Despite the importance of the general right to public access of court proceedings, a federal judge in Illinois ruled that a media group could not intervene in a lawsuit because, although it had standing, intervention would cause undue prejudice.Continue Reading
Technology today often serves as the crutch upon which students and members of the workforce rely to complete and review assignments. However, such technology does not always efficiently replace good, old-fashioned human effort. For instance, the spell-checker in Microsoft Word can alert you to a possible mistake but the decision to continue searching for other mistakes must be made by the user. Indeed, the existence of even one mistake should alert the reader or provider of a document that other mistakes may be present and prompt that person to reevaluate the rest of work. The 2009 decision United States v. Sensient Colors, Inc. is a critical example of how damaging the failure to promptly and diligently check for additional mistakes can be for privilege invocations during discovery production.Continue Reading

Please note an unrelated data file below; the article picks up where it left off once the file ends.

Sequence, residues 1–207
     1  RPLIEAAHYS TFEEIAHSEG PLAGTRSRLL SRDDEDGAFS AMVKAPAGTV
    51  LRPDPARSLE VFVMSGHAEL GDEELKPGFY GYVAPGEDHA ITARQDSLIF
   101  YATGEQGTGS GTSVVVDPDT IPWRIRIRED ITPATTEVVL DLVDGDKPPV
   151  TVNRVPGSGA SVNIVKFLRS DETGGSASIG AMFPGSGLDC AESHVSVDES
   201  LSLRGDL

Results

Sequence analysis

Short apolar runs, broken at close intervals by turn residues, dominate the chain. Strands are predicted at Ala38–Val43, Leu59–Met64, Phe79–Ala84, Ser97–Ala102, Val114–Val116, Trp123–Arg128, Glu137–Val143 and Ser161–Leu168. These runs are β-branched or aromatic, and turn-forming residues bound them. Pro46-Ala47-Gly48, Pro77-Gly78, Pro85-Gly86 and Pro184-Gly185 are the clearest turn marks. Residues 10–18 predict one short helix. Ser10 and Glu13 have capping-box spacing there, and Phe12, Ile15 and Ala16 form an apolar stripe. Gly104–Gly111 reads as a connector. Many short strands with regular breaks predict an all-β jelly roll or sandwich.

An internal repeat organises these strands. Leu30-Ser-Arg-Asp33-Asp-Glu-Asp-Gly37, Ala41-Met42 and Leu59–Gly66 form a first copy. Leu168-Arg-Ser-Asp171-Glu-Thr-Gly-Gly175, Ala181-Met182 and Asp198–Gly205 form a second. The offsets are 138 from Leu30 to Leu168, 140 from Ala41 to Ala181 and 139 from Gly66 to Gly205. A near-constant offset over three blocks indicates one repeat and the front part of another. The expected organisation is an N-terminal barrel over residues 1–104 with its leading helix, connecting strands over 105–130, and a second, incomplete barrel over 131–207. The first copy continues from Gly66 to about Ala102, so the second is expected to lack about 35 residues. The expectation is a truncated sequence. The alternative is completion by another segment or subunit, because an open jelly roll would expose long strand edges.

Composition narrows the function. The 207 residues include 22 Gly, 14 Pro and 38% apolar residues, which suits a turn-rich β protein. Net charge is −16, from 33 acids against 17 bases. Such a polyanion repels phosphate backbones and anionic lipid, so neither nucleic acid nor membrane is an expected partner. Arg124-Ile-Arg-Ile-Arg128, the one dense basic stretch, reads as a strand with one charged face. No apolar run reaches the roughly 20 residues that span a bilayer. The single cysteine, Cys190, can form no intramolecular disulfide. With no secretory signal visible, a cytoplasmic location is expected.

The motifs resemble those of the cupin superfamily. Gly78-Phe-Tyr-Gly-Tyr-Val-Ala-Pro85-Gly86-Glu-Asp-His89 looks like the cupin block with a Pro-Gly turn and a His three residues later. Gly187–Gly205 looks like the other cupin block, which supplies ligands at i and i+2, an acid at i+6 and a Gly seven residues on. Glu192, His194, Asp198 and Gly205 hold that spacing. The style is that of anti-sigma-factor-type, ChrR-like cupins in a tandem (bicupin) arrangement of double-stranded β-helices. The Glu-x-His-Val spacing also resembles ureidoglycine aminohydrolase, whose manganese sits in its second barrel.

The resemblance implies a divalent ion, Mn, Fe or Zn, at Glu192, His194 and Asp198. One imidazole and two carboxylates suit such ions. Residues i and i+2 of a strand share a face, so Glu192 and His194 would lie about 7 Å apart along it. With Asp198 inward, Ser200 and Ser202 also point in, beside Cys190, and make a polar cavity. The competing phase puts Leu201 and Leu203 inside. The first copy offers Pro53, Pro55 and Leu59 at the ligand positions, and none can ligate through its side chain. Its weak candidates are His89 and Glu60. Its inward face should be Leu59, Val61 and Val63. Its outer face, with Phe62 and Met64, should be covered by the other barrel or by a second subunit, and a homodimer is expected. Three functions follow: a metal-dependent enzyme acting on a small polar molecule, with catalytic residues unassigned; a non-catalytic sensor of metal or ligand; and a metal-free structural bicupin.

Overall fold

Technology today often serves as the crutch upon which students and members of the workforce rely to complete and review assignments; however, such technology does not always efficiently replace good old-fashioned human effort. For instance, the spell-checker in Microsoft Word can alert you to a possible mistake but the decision to continue searching for other mistakes must be made by the user. Indeed, the existence of even one mistake should alert the reader or provider of a document that other mistakes may be present and prompt that person to reevaluate the rest of work. The 2009 decision United States v. Sensient Colors, Inc. is a critical example of how damaging the failure to promptly and diligently check for additional mistakes can be for privilege invocations during discovery production.Continue Reading